Author of American Muslim Women, Jamillah Karim, and co-author Dawn-Marie Gibson, Professor of History at Royal Holloway, University of London, recently published Women of the Nation: Between Black Protest and Sunni Islam.
In a field certainly undervalued and understudied, this research contributes to expanding the perception of Islam in America more broadly and uniquely opens a conversation between Muslim women, themselves, through ethnographic accounts of women’s experiences in the Nation of Islam and women of the Sunni Warith Deen Mohammed community from the 1930s-present. The book also seeks to respond to a feminist narrative that has characterized women’s experiences within the Nation of Islam as largely unfavorable due to the upholding of traditional gender norms.
Karim and Gibson argue that “While this expression of Islam [Nation of Islam], which includes an honoring of traditional gender roles and prescribed female dress and decorum, is not always in harmony with popular notions of women’s advancement in American society, it certainly speaks and appeals to the continuing concerns about race, family, and community among many African American women.”
The book unfolds in a traditional manner–outlining the history of the Nation of Islam, with particular attention to Elijah Muhammad and Malcolm X. However, unlike other critical works, we are given access to women’s participation, thoughts, and opinions during key moments of community transition such as the death of Elijah Muhammad, the leadership of Imam Warith Deen Mohammed, and the present state of the WD community and NOI within the larger ummah (Muslim community).
Needless to say, the book covers a breadth of information and host a collection of insightful vignettes; however sometimes it can feel like you’re just reading a collection–which isn’t a bad thing but it reads as less of a critical analysis. Now there are certain points where Karim and Gibson deliver this and it’s great.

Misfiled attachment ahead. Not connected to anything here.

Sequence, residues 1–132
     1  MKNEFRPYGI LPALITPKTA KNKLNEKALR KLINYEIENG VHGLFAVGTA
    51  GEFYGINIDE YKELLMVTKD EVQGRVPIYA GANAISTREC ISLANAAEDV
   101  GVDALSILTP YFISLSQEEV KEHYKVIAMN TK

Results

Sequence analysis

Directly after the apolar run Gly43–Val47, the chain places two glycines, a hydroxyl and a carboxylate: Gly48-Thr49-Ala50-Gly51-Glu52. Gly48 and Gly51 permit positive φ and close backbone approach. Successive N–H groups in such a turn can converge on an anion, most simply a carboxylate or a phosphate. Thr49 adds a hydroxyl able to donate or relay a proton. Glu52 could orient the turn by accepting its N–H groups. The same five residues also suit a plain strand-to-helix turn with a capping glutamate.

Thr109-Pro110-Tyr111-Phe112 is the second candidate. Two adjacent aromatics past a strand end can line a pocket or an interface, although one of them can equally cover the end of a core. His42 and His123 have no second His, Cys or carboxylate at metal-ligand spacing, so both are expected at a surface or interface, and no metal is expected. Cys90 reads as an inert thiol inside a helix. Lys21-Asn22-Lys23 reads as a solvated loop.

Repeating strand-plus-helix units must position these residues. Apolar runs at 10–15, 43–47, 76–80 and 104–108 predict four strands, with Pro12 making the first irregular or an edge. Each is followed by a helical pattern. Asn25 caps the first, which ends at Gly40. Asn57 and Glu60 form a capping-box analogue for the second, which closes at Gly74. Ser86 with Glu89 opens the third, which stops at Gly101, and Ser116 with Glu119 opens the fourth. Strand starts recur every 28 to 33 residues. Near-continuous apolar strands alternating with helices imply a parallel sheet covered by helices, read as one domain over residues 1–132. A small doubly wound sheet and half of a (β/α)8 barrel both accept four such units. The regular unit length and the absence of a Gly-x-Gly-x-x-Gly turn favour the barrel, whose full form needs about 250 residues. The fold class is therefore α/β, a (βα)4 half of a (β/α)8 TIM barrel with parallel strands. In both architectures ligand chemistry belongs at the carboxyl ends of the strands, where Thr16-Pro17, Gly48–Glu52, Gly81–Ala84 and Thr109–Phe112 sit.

Take the way women from the WD community identify “freedom” as demarcated from Nation women as told by Karim and Gibson.
It is not surprising that Sunni women measure contemporary Nation women’s freedom in terms of access to religious knowledge. As we saw earlier, the ultimate form of liberation that Sunni women experienced in the transition was not women’s rights but the Sunni understanding of God and the freedom to study their religion for themselves. Upon asking Lynice Muhammad to imagine a conversation with a Nation woman, she says, “The main thing I would encourage her to do is research for herself and not just listen to what your minister is saying. Imam Mohammed always taught us, ‘Don’t just take my word for it; you go back and study the Qur’an, and you go back and study what others have written about Islam.’”
Of course NOI women would take offense to Lynice’s presumption, and as Karim and Gibson cover in a chapter on NOI women, they have access to spaces where Sunni women may not. Because the NOI has maintained the title of “minister,” women and men can occupy this position. With that said, what I found most interesting on this theme is Imam Mohammed’s gender ideology which is explored through lectures, interviews, and personal commentary. One particular interview highlights the equation of women’s freedom to education. In 1979 he did an interview with Clifton Marsh where he spoke regarding Islam’s position on women:
He highlights in the interview: “The rights of women to equal education were protected by Islam during the days of prophet Muhammad.”
And poses the question thereafter,
If women are given freedom to excel in academic pursuits, how can we tell them to stay home? What is all this education for? You can’t keep [women] at home to nurse babies.
The ways in which women have articulated this freedom whether it be in pursuit of secular or religious education– and, in many cases, both–is fascinating. There are women who became nurses to better serve their community, directors of schools for Islamic education, and more recently women that are pushing the boundaries of religious leadership and officiating weddings.
While I always appreciate deeper work on women and African American Muslim communities, I’m always disappointed that it is more often than not exclusive of African American Muslim youth. What is the narrative of the youth that are products of this earlier generation? How are they connecting with this history (if they are) and how does it influence their thoughts on Islam, Muslim identity, and participation in the “ummah”, if at all? I say that knowing that this is not the aim of this particular book but something I would have liked to see.